Life in Napoleon's Army (Paperback)
The Graphic Memoirs of Captain Elzear Blaze
The Napoleonic Library is an outstanding collection of seminal works on the Napoleonic Wars. It features evocative contemporary memoirs and makes available once again the classic works on the subject by military historians.
This is a fine addition to the outstanding collection of classic works published, under the frontline imprint, on the Napoleonic Wars. This fascinating book reproduces the memoirs of aFiretrench
mid rank officer during the Napoleonic Wars. There is no photo-plate section but there are some charming pen sketches. A very worthwhile read of original source material.
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Following an Introduction by Philip Haythornthwaite and Commentary by Sir Charles James Napier, this useful account, written by an officer of wide experience and colourful style, presents a picture of the First Empire. Captain Blaze entered the army as a youth via the Imperial Guard elite organisation, a path open only to those of some wealth. After gaining his commission as an officer, he served in campaigns from Poland in 1807 to the fall of France in 1814. The author provides an officer’s perspective on the character, customs and mode of operation of the French army. Its value is strengthened by anecdotes from the author’s own experiences. First published in 1995 by Greenhill Books and now again in 2015 by Frontline Books, an imprint of Pen & Sword Books Ltd, this is a splendid addition to the Napoleonic bookshelf, written by someone ‘who was there’.Stuart Asquith, Author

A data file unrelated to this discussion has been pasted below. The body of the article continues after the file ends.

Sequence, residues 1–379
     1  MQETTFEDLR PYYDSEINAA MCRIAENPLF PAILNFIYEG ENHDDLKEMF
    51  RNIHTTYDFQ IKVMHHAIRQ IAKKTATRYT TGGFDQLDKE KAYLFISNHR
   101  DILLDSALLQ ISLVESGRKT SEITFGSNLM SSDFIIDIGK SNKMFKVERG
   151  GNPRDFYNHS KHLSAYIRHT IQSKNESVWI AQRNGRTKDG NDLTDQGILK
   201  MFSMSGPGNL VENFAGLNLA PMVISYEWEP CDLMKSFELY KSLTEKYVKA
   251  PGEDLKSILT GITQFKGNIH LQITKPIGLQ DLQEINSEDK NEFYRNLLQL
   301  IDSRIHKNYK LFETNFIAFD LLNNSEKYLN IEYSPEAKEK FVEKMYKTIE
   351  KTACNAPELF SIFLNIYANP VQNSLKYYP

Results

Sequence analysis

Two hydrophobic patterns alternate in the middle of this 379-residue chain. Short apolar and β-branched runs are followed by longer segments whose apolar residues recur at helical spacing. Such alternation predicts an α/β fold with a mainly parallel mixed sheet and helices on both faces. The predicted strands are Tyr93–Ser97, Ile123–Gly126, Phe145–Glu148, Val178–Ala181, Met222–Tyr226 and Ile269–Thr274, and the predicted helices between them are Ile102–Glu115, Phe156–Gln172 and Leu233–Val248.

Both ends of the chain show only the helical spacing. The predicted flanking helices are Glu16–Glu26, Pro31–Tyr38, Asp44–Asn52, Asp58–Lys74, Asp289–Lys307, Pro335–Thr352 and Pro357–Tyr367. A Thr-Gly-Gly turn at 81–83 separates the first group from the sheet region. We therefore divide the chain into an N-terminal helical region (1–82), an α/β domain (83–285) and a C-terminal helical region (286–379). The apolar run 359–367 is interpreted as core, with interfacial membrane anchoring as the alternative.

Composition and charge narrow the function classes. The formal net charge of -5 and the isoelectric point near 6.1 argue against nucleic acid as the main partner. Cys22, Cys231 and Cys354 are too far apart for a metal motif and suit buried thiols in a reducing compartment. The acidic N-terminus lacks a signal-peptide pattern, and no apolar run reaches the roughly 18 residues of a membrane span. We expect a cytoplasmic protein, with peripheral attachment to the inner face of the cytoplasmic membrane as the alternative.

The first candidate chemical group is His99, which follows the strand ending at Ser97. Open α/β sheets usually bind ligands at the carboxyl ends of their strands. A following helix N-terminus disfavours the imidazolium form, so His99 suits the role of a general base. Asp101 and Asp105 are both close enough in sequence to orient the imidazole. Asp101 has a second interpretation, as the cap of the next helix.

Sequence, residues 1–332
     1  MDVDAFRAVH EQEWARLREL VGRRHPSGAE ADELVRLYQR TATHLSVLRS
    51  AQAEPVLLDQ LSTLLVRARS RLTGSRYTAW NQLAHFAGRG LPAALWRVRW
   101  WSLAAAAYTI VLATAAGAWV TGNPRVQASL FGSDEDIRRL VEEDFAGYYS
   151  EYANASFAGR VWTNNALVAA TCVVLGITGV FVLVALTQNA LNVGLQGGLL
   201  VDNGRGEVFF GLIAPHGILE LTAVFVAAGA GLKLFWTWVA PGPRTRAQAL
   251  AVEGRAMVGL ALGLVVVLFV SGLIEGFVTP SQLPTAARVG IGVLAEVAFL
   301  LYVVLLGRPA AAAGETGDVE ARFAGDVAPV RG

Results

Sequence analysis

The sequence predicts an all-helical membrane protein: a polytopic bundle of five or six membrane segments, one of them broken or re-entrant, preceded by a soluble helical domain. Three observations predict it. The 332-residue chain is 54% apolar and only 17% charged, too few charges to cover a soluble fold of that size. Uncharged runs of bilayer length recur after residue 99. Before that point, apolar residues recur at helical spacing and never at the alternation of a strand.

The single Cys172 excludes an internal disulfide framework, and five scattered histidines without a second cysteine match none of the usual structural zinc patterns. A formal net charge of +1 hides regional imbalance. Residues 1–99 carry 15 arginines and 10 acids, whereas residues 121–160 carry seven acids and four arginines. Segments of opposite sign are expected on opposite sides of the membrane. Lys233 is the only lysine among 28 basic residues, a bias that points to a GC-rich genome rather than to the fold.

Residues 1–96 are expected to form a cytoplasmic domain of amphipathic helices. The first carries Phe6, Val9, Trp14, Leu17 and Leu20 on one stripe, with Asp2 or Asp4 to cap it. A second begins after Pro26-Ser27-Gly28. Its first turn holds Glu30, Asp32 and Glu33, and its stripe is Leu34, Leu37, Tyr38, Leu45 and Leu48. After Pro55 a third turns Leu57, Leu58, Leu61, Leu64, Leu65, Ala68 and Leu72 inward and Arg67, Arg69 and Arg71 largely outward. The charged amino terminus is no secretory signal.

Although I usually discuss books about the WW2 era, here's one about the Napoleonic era that I thoroughly enjoyed reading. The main attraction to me is the fact that it's been written by an officer of Napoleon's army, i.e. an actual eye witness of that period. Not only that, the captain is also a gifted observer and writer.FSAddon
Another attraction of the book are the comments made by its editor of the first English edition, Sir Charles James Napier, who was a soldier in that same period and saw the wars from the opposite side. Napier wanted to compare the French ways to the British ways, to help young officers in their study. But today both provide interesting reading, understanding how things were done back at the time.
It is of course really interesting to learn what people looked like, how they behaved, what were the customs and issues in that army a long time ago. And not really surprising, not that much has changed compared to today´s armies and living as a soldier. All of us who have served will recognize many of the things that Blaze describes.
What most of us have NOT experienced however, is being on a major campaign with a large army, through a densely populated area and having to rely on local food provisions. That was one of the parts that struck me most. An army of hundreds of thousands of soldiers (or even tens of thousands) without hardly any logistical support, marching on foot, will need an enormous amount of rations. Reading how the army dealt with this - or rather from - the local population, is most interesting indeed.
I truly recommend it!
Part memoir, part travel book, and part military history, this is the story of an officer in the army of Napoleon, whom he served from 1807 to 1815. From the privations of being in the field, the hazards of the bivouac, the equipment, the food, the battles, the shortcomings of the Spanish - this is an all-encompassing contemporary account of the Napoleonic period.Military History Monthly Nov 15